3. Coat the base area under the platform with black frosting.
4. Carve 4 square pieces of cake the width of the platform, and then 3 more pieces slightly narrower than the square pieces. Stack the square pieces at the back end of the train to make the Engine Room, adding layers of white frosting between. Stack the smaller pieces next to the others to make the Water Tank, adding layers of white frosting between. Both the Engine Room and Water Tank have slightly raised areas in the top middle, so cut away some small pieces of cake and lay them on top to approximate that look.
5. Cover the Water Tank and the sides of the Engine Room with green frosting. Use black frosting to cover the top of the Engine Room.
6. Butter the inside of the soft drink bottle and press about half a batch of the rice crispy treats into the bottle, conforming to the bottom. Allow to rest until completely cool, then remove the rice crispy block from the bottle. We used a chopstick to help remove it.
7. Begin shaping the face with your hands. Michael used a Percy train toy for reference to get the correct shape. On a board sprinkled with powdered sugar, roll out the gray fondant to a circle approximately 4.25 inches/11 cm in diameter. Coat the rice crispy face top with white frosting, then lay the gray fondant on top of the frosting, pressing again to conform to the proper shape.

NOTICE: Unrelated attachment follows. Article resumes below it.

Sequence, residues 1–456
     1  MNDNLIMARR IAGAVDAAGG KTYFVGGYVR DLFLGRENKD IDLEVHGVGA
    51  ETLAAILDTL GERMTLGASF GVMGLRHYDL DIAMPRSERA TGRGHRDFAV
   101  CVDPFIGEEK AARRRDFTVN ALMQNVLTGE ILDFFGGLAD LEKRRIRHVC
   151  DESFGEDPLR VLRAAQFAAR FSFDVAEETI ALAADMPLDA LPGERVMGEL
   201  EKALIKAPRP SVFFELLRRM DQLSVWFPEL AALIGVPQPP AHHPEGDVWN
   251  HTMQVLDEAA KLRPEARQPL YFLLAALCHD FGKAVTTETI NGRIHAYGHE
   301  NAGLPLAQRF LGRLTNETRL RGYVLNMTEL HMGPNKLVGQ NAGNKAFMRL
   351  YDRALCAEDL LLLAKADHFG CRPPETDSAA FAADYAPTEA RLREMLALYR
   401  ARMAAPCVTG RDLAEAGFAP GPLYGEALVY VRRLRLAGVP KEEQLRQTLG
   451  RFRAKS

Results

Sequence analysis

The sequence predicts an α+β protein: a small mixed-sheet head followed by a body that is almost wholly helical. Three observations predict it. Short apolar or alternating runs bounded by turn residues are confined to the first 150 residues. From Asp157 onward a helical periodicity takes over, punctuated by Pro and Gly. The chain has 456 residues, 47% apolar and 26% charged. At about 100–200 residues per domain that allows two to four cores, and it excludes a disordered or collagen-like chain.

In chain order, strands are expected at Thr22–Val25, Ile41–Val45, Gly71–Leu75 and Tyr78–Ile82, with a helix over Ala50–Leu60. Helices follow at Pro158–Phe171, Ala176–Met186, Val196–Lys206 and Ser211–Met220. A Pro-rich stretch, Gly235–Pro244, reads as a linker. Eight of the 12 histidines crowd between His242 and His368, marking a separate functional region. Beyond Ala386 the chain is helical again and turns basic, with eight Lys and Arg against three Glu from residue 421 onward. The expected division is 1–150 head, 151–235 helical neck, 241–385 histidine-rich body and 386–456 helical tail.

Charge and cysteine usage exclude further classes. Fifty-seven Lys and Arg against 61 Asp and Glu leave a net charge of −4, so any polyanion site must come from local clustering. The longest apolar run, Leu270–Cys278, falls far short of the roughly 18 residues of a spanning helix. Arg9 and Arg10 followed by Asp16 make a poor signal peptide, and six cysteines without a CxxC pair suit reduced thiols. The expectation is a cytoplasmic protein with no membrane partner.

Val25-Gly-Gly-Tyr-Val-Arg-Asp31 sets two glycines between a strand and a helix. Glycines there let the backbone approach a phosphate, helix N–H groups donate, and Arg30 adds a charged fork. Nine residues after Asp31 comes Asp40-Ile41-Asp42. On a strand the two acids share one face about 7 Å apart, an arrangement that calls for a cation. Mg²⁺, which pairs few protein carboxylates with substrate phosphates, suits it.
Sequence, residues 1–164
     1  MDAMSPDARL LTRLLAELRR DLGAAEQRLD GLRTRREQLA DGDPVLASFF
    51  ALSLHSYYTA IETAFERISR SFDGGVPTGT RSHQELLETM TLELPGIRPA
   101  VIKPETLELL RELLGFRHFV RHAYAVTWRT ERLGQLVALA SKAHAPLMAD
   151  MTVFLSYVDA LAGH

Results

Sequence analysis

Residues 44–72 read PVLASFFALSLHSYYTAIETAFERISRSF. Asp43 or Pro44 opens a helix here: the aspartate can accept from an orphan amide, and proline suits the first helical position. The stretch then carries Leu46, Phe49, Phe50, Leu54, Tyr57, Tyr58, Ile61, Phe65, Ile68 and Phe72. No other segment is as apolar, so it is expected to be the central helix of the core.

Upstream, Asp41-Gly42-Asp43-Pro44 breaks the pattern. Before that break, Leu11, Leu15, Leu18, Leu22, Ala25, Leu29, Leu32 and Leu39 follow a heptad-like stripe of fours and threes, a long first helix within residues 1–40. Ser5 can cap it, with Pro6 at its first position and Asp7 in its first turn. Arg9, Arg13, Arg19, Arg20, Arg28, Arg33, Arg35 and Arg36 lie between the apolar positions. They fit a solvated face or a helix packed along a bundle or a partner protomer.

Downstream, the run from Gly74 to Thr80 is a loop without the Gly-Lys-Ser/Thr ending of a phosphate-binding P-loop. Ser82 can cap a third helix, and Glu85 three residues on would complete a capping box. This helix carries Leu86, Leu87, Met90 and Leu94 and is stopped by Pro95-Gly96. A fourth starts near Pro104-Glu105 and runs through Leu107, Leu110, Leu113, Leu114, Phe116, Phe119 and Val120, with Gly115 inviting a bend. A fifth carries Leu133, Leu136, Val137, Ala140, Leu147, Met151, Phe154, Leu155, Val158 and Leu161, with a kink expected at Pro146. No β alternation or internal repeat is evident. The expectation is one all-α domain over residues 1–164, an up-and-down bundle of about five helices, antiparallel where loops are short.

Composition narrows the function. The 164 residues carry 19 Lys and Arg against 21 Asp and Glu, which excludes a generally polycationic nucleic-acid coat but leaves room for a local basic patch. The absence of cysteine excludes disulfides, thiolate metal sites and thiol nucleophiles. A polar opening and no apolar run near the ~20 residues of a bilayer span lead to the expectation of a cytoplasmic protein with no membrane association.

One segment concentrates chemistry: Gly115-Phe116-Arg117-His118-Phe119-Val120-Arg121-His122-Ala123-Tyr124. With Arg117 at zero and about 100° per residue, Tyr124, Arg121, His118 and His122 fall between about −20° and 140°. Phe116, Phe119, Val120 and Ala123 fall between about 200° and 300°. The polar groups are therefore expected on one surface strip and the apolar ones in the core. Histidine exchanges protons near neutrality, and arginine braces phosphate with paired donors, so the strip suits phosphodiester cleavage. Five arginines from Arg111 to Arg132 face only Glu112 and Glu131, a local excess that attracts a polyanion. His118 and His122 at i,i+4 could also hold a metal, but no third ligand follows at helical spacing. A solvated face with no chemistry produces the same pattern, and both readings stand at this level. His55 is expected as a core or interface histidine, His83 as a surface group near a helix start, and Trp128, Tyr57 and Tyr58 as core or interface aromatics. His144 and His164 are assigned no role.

8. Roll out some of the white fondant and cut circles with the soda bottle cap or free hand (about 3 cm diameter). Roll out some of the black fondant and cut circles about 0.75 inch/2 cm in diameter. Cut a small smile out of the black fondant. Use a bit of white frosting to glue the white circles to the face, then again with the black circles on top of the white circles. Repeat with the black smile. Using the tip of a toothpick, paint a small amount of black coloring gel on the face for the eyebrows.
9. Place the face on the front end of the train. It will hang off slightly on the front. Apply black frosting to the area between the face and the green water tank. Apply black frosting to the assembled smoke stack (2 kid ice cream cones, 1 cut down and inverted inside the other) and place it on top of the black frosting area.
10. Apply green frosting to the platform.
11. Attach decorating tips to the 3 freezer bags and fill them with red, yellow, and black frosting.
12. BLACK DETAILS: Pipe black detail trim on the Engine Room, following your Percy model.
13. RED DETAILS: Pipe black detail trim on the platform and Water Tank, following your Percy model.
14. YELLOW DETAILS: Pipe the number 6 on both sides of the Engine Room, then outline with red. Pipe a round circle on top of the water tank. (Note: If you are using a regular wooden Percy as your model, the round circle on top will be green.)
15. WHEELS: Cut four wheels out of rice crispy treats (or foam) using a 32-ounce (907 g) yogurt container lid as the pattern, or free hand (4.5 inches/11.5 cm) in diameter. Coat them with green frosting, and use green frosting to glue them to the black base.